Kittiwake hits more troubled waters

| 30/11/2010

(CNS): The sinking of the former naval ship USS Kittiwake has been delayed again organizers say, as the ship has hit stormy weather off the US coast. The project which will create an artificial reef off Seven Mile Beach has been more than seven years in the making and the sinking was planned for July of this year. Getting the vessel to Cayman caused delays for the summer sinking however, and the event was reset for Sunday, 5 December. But poor weather has foiled the attempt at getting the boat on the seabed once again. The ship left the US from the James River Reserve Fleet in Virginia and is being towed along the eastern seaboard of the US from Virginia, to southern Florida.

From Key West, the Kittiwake will be towed along normal shipping lanes around the western side of Cuba to the west side of Grand Cayman over 1400 nautical miles and this journey is expected to take more than a week but no new date has yet been set for the sinking.

The 251-foot, 2,200 ton, five-deck military vessel, which served the United States Maritime Administration (US MARAD) for over 50 years after it was commissioned in 1945, will, if it ever makes it to Cayman, create an artificial reef and a new dive attraction. The vessel was expected to arrive in Grand Cayman yesterday before a number of events were scheduled to happen to mark the occasion.

The project is a joint venture between the Ministry and Department of Tourism and the Cayman Islands Tourism Association (CITA). Premier McKeeva Bush recently said that the sinking represents the single most significant occurrence in a decade for Cayman’s dive industry and stakeholders were naturally very excited.

“Since the last year, the Ministry and Department of Tourism, CITA and Kittiwake Project Manager, Nancy Easterbrook, have been working hand in hand through many processes to ensure the cleaning and safe movement of the vessel to the Cayman Islands, in preparation for its sinking and I am pleased to see that we are almost at the finish line,” the premier said recently. “This public-private sector partnership is a good example of the kind of meaningful collaboration that results in necessary and exciting enhancements to our tourism product, such as the Kittiwake will bring.”

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  1. Anonymous says:

    I served aboard the big K in the early 70’s. Watching her go down will be like losing an old friend who watched over you. She was not a hunk of junk but a home and a very important part of a lot of peoples lives. The Caymans should be honored to have her laid to rest in their waters. I wish I could be there to salute her.

  2. QM3 91-94 Decom says:

    I served on her in the 90’s through her decom. I’d be interested to see some photos of what they did to make her ready for an attraction  

  3. Kerry Horek says:

     I am not happy at all to see this hunk of junk being dumped in my beautiful pristine waters.

    We have the largest garbage dump per capita and we can’t get rid of it or find a solution to remove or fix, and now we have to import more garbage belonging to someone else who didn’t know where to put it and dump it in our waters.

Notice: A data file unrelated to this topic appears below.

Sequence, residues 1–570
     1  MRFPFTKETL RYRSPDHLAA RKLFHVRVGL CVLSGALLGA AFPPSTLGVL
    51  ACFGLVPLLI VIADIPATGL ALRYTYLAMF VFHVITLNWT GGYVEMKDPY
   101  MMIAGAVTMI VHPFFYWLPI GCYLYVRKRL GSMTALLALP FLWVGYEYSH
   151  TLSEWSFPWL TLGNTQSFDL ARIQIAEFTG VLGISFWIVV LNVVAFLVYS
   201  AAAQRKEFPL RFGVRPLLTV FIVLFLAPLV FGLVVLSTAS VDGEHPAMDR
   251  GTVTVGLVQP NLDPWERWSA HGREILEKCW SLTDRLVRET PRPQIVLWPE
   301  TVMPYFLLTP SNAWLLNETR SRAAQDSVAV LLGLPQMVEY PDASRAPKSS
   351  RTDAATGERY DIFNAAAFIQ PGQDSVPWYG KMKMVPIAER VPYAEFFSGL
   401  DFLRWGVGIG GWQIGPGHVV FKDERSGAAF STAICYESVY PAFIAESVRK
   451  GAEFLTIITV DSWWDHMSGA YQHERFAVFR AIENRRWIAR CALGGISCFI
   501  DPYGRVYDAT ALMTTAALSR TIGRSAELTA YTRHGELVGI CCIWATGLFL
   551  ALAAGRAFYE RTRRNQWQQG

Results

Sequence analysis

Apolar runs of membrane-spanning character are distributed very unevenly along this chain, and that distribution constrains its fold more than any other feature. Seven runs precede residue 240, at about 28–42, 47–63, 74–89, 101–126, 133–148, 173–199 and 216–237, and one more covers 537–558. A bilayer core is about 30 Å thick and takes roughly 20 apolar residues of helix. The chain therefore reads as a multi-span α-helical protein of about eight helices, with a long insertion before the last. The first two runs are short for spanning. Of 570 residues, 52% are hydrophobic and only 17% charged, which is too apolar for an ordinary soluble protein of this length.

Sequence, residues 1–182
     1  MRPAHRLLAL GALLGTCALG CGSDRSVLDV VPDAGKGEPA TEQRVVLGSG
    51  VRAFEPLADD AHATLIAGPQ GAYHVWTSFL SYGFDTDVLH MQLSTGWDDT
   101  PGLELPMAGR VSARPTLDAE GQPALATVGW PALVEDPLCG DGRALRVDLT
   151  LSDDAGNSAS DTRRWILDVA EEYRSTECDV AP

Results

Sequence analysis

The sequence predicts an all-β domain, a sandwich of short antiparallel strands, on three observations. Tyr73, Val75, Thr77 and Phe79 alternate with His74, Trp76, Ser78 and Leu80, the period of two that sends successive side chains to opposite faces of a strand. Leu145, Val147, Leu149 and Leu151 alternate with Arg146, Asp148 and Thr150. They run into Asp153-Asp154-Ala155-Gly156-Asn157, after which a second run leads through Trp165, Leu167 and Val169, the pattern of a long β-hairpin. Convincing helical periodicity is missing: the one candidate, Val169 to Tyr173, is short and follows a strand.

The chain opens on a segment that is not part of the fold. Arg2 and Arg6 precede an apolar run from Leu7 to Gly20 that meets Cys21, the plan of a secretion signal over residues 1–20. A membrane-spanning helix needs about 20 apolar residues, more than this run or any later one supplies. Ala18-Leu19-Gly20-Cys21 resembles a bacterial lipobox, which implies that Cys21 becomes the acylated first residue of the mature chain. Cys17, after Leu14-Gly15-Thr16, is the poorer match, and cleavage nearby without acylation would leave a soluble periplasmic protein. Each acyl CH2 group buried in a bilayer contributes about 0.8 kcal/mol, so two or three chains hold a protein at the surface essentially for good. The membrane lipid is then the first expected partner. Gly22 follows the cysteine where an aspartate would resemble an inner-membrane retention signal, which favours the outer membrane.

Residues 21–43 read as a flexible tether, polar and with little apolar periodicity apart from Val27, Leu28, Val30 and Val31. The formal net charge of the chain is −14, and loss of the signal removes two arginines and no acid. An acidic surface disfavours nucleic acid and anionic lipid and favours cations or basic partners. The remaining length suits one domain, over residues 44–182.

This is all for the sake of a few divers!!

    The one they dumped in CYB several years ago is hardly dived, and certainly has proved to fail and does not compare to nothing like what they claimed it would generate to persuade us to accept the junk.

    Every where around the world countries are going green and eco-friendly and we are practicing sinking ships for dive sites, an act that is so outdated and behind the times.

    My prayer is that it sinks before it reaches our waters.  Yep, that’s my cynical outlook for this rust bucket junk.

    Kerry Horek
    Activist for the Environment
    & my beautiful Islands.

    • openeyes says:

      The truth is that this ship will create beneficial habitat, and serve to increase tourism to Cayman. This ship has been expertly cleaned of contaminants and prepared to be the best dive attraction in the world, with countless hours put in by many hard working people all to help the environment and the economy of Cayman. Take the time to read and learn more about the benefits of creating an artificial reef using the right materials, such as this clean, solid ship, and you too can be educated enough to understand that this is a great project, with great potential.

  4. The Original Anon says:

    This is off on a different tangent but what became of the floating bar at Stingray City?  I’ve never heard anybody speak of it.  Is it a huge sucess?  Is it there at all?

  5. Bobby Anonymous says:

    It’s sad when you can’t even sink a ship!

  6. The USS Kittiwake (ASR-13) was never a part of  the United States Maritime Administration MARAD (?) but was always a big part of the United States Navy USN. That old girl, who I was proud to serve aboard, will only sink when she is good and ready! I believe she’ll pick her time to go down to the sea for the last time. As She Is  Not a Mortal Being! She protected us mortals through 50 foot seas, icebergs, hurricanes, Soviet Warships, drunken bar fights and many jealous husbands. God bless the old girl, USS Kittiwake! You show ’em who’s boss old girl!

  7. Anonymous says:

    it’s always nice when you can blame the weather (has anyone checked official weather reports for the area)……soon come, soon come…zzzz